I don’t want to give it all away, so let me simply say that the producers spent a full quarter of the film’s entire budge on special effects.  Vermithrax is, quite simply, the most amazing and terrifying dragon ever put on film to this day.  The audience doesn’t get a good look at it until at least three quarters of the film’s length.  The build-up is worth it.  Vermithrax is everything a fantasy geek expects of a dragon villain: impressive and dreadful.  Nothing is cutesy or humanistic about Vermithrax–it’s a force of death and destruction. Bilbo is never having a conversation or riddle contest with this thing.  It’s obviously intelligent, but completely inhuman and malignant.

The special effects by ILM veteran Phil Tippet are extraordinary.  In fact, if you’re a young viewer who has never seen it, dig it up and watch it merely to see how a true master handled special effects before CGI.  Tippet created the monster through puppetry, practical effects and a type of stop-motion animation called Go Motion.  The combined techniques make you believe this winged nightmare might be real.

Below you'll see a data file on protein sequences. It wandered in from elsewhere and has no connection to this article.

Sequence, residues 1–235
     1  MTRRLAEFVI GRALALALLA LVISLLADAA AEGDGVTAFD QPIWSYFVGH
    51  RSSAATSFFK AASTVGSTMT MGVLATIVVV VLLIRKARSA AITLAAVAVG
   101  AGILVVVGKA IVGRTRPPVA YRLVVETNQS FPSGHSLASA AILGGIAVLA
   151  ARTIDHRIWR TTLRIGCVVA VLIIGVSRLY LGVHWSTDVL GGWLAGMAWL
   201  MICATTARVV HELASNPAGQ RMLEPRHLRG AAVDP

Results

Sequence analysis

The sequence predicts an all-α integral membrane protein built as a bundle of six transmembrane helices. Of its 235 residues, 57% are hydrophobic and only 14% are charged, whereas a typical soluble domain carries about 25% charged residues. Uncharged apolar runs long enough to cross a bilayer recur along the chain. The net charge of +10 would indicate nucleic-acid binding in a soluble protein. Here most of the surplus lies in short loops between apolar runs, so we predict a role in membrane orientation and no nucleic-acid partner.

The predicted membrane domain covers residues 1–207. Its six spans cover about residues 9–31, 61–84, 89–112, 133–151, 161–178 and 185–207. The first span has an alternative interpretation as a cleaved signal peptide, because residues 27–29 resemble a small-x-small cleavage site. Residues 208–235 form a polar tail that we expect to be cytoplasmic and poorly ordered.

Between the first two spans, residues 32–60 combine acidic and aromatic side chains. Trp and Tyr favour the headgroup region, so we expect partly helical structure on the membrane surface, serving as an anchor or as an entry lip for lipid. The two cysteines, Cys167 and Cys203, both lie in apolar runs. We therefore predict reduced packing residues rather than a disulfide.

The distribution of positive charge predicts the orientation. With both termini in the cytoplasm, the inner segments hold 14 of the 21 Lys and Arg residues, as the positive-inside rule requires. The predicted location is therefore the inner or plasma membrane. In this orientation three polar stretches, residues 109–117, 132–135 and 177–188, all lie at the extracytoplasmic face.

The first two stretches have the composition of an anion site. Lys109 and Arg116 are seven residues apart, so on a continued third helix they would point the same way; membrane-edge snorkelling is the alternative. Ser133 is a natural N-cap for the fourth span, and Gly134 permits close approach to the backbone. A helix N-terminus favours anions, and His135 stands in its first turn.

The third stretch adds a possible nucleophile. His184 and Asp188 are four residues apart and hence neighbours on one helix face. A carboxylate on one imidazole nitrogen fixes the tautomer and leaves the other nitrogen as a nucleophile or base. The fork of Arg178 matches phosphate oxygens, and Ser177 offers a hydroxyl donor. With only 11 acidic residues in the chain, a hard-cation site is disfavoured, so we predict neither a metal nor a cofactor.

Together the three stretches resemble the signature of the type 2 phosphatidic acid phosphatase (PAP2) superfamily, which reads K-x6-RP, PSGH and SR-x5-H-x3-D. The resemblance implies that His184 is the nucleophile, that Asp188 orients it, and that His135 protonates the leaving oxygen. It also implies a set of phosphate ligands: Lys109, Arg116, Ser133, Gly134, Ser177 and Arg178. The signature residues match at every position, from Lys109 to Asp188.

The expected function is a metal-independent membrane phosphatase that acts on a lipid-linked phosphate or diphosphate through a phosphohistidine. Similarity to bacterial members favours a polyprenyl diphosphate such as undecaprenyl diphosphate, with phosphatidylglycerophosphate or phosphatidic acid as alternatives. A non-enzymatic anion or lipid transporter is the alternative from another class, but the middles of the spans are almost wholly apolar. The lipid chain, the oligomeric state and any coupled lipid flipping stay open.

Lots of other good stuff is in this movie but the bleak tone and cryptic ending subtract somewhat.  It’s not perfect, but definitely worth watching for any fantasy fan.  Check it out.

Footnote: Ian McDiarmid (of Emperor Palpatine fame) has a brief cameo in the movie as a village priest who is burned to a crisp by Vermithrax after the priest tries to banish the dragon with his faith.

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Moments of Coolness #4: The Incredibles Family Reunion & Dash

the-incredibles-04I absolutely adore Pixar’s The Incredibles.  This is (as has been noted by others) how The Fantastic Four should have been.  Almost everything clicks in this movie.  The animation is great, the soundtrack is stellar and the voice actors are terrific.  This, however, is not the gist of my Moment of Coolness.  There are two moments in it that rise above the rest of the film.

No, I’m not talking about Edna Mode (although I adore her as well.)  There is one scene with Dash and one scene with the whole family.  The scenes are close together in the movie but have two separate impacts.  They’re brief, but rise above the rest of the film in a subtle fashion.